U.S. ITC to Investigate Apple Over Ericsson’s Patent Infringement Claims

U.S. ITC to Investigate Apple Over Ericsson’s Patent Infringement Claims

The United States International Trade Commission (ITC) has agreed to investigate claims that Apple’s iPhone and iPad has infringed on a number of Ericsson’s cellular technology patents.

U.S. ITC to Investigate Apple Over Ericsson Patent Infringement Claims

The patent dispute between Apple and Ericsson first arose following the expiration of a 2008 patent agreement between the two companies. The companies failed to establish a new agreement allowing Apple to continue using Ericsson’s technology.

Apple sued Ericsson in January, claiming the patents are not essential for LTE technology, and that the price Ericsson wanted was excessive. Ericsson countersued, saying Apple had infringed their patents, and that the price was fair, reasonable, and non-discriminatory (FRAND).

February saw Ericsson file seven new lawsuits against Apple, in addition to filing two complaints with the ITC, in an effort to prevent Apple from selling the infringing products in the U.S.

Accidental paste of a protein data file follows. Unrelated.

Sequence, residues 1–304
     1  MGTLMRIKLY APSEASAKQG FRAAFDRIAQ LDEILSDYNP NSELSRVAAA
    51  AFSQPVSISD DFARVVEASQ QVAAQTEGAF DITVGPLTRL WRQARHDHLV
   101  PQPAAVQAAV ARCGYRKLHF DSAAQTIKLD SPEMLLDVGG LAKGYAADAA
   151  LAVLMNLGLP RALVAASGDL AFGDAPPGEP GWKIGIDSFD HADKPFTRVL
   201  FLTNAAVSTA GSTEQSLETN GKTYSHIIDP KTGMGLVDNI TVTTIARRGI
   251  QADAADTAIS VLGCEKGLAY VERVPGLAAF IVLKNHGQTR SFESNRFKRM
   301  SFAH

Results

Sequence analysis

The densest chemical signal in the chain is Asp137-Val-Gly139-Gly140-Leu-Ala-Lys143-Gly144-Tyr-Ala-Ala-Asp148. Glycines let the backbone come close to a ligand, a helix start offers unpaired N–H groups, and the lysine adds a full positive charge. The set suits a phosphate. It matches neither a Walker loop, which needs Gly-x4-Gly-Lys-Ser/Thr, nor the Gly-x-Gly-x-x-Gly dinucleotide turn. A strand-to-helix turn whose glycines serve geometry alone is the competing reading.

Companies have taken to filing complaints with the ITC, due to the length of time it takes for patent lawsuits to work their way through the court system. The ITC can act faster, and can ban products from being imported into the U.S. if there is a likelihood of infringement. An import ban has the effect of immediately halting sales, which can pressure a defendant into settling.

If the ITC finds Ericsson’s claims to have merit, they could possibly order Apple to stop sales of their devices in the U.S. until the dispute has been resolved.

PCWorld reports that one of Ericsson’s suits involves “Apple iPhones, iPads, and other cellular-enabled products that use the 2G GSM and 4G LTE telecommunications standards,” while the other covers “smartphones, tablet computers, digital media players, and smartwatches.”

While Ericsson is seeking to get a portion of overall device sales, Apple argues a more equitable deal would be to charge on a per-component basis.

(Via MacRumors)